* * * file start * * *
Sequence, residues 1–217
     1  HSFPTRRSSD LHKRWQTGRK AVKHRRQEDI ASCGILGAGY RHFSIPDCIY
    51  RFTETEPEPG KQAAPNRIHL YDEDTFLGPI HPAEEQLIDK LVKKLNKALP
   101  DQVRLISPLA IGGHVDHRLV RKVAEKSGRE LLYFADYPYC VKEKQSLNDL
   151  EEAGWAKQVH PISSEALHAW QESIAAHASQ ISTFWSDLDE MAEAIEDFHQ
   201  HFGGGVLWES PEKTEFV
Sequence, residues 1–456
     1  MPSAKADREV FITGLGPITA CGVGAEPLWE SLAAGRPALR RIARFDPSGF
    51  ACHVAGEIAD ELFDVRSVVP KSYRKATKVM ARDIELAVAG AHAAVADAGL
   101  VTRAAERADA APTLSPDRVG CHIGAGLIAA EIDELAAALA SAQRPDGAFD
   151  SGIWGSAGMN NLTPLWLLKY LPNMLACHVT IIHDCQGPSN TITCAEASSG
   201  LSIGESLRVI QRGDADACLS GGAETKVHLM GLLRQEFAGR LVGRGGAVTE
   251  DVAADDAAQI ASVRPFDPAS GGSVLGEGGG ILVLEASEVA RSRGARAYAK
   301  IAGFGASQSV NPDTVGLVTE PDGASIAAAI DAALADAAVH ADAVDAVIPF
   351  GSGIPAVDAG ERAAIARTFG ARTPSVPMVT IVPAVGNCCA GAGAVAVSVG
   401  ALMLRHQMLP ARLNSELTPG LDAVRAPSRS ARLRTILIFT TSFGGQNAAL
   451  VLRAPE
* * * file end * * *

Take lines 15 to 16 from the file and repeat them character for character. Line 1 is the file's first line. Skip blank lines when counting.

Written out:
   351  GSGIPAVDAG ERAAIARTFG ARTPSVPMVT IVPAVGNCCA GAGAVAVSVG
   401  ALMLRHQMLP ARLNSELTPG LDAVRAPSRS ARLRTILIFT TSFGGQNAAL